Michael Welch and Michelle Hendley in “Boy Meets Girl”

The fourth annual Louisville LGBT Film Festival strives to tell the many stories of the LGBT community through feature films, narratives, documentaries and shorts. This year, there will be more than a dozen films screened, and it marks the first time a transgender film — “Boy Meets Girl” — opens the festival, which runs Oct. 17-19 at Village 8 Theatres.

Limited PartnershipHighlights include the documentaryLimited Partnership,” which examines the first legal same-sex marriage in 1975 and the couple’s battle to have it recognized by the federal government;Facing Fear,” an Oscar-nominated short about the meeting of a former Neo-Nazi man and the gay victim of his hate crime 25 years later; and “The Way He Looks,” a Brazilian feature film about a blind teenager struggling to find love.

Travis Myles, chairman of the LGBT Film Fest, says the committee pored over more than 140 films that were submitted, a process that took nearly six months. Each member scored the films and then they were discussed as a group. “We kept in mind our goal to have a strong mixture of gay, lesbian, bisexual and transgender films, as well as films that deal with race, religion, age and disability when possible,” he says. “Additionally, we try to have as many international films as possible. It’s sometimes a very grueling process, because each member seems to have that film or two that really speaks to them.”

BoyMeetsGirl_poster-2Boy Meets Girl,” which is set in an unnamed Kentucky town, was written and directed by Eric Schaeffer (“If Lucy Fell”). Schaeffer and the stars of the film — Michelle Hendley and Michael Welch (“Twilight”) — will be featured at a Q&A session after the film screens Friday night.

Myles says the opening film is one of the most important of the fest. He mentions the fact that the lead transgender character is played by a real transgender actress, which doesn’t typically happen in more mainstream films (i.e. “Transamerica,” “Boys Don’t Cry,” “The Crying Game”).

“Having a transgender person playing a transgender role is important to us,” Myles says. “Also, it is set in Kentucky. The stars just aligned on this one.”

Insider Louisville talked with writer/director Eric Schaeffer about his film, his reason for setting it in Kentucky and his search for a transgender actress to play the lead role.

Insider Louisville: What kind of reactions have you gotten at various film fests where “Boy Meets Girl” has screened?

Eric Schaeffer: People seem to be liking it. We’ve won 20 awards throughout the 15 or so festivals we’ve been at, which seems to be an indication of how people like it. They’re liking it for all the right reasons — they’re getting the comedy, they’re getting the pathos, they’re getting the heartfelt core. It’s been really great.

Eric Schaeffer is the director of "Boy Meets Girl."
Eric Schaeffer is the writer/director of “Boy Meets Girl.”

IL: How’d you come up with the storyline?

ES: This film is very in keeping thematically with my other work in that it’s a film about honest, raw human emotions, desires and feelings about finding love. I just wondered how I could write about those themes in a way that was different than my previous films. I thought a comedy/dramedy about a transgender girl in a small Southern town would be a unique window into discussing those themes.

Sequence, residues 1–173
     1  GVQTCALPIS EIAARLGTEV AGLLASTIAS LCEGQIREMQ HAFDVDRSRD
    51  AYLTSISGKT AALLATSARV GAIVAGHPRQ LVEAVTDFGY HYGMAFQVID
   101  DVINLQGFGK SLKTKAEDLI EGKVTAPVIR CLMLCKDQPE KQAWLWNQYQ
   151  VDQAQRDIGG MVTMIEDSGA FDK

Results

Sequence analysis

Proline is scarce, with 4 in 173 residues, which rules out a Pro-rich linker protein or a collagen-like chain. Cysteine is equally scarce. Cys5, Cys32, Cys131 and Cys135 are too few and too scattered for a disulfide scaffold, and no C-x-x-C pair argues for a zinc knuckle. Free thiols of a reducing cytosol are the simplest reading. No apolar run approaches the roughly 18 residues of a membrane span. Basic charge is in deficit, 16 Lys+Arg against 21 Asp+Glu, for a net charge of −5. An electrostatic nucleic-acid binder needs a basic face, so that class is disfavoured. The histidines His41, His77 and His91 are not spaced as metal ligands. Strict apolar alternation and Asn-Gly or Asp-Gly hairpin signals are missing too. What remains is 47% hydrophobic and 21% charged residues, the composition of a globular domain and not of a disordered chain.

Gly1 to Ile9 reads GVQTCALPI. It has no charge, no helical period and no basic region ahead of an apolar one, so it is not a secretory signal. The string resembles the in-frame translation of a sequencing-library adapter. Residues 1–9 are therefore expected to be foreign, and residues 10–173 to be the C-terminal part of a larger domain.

IL: Were you worried you’d miss some nuances of what it’s like to be a transgender person?

ES: I hope that these universal themes apply to everyone — they go across race lines and across gender lines. As a human being, I feel I’m equipped to write about this stuff. Obviously there are nuances, but at the end of the day, alienation, love, happiness and desire — those are all universal.

IL: I liked that the story wasn’t about a transgender woman and how she fits into society; rather, she was just a character who happened to be transgender.

ES: It only comes up in the romantic parts of the movie, which it has to. Other than that, it really doesn’t come up, because it doesn’t need to. It doesn’t need to come up in her family life or her town life, because everyone just supports her and treats her like the girl she is.

IL: Why did you decide to set it in Kentucky?

ES: I wanted to set it in a small town in the South, because I thought that would help destroy the stereotypes that the South doesn’t have many people who are open and accepting of other lifestyles. I wanted to blow up every stereotype there was.

IL: Tell me about how you found Michelle Hendley to play the transgender lead.

ES: There aren’t a lot of working transgender actresses in Hollywood and New York, so I had to get creative. I went online and found Michelle, who had a YouTube channel and a series of blogs about her life. She was perfect for the part, I thought. She was the right age and obviously wasn’t afraid to be in front of a camera. I got in touch with her and auditioned her over Skype, and she was terrific. Every step along the way she just got better and better. She had a lot of natural talent but also knew she had to work really hard to learn the craft.

IL: What do you hope people take away from this story?

ES: That life is precious and you should be grateful and helpful to those around you. And know that who we love and how we love should be a special and protective experience.

“Boy Meets Girl” will be screened Friday night at 8 p.m. at Village 8 Theatres. Tickets are $8. For a complete schedule of the LGBT Film Fest, click here.

Sara Havens

Sara Havens

Sara Havens is the Culture Editor at Insider Louisville, known around town as the Bar Belle ( She's a former editor of LEO Weekly and has written for Playboy and The Alcohol Professor. Havens is the author of two books: "The Bar Belle" and "The Bar Belle Vol. 2."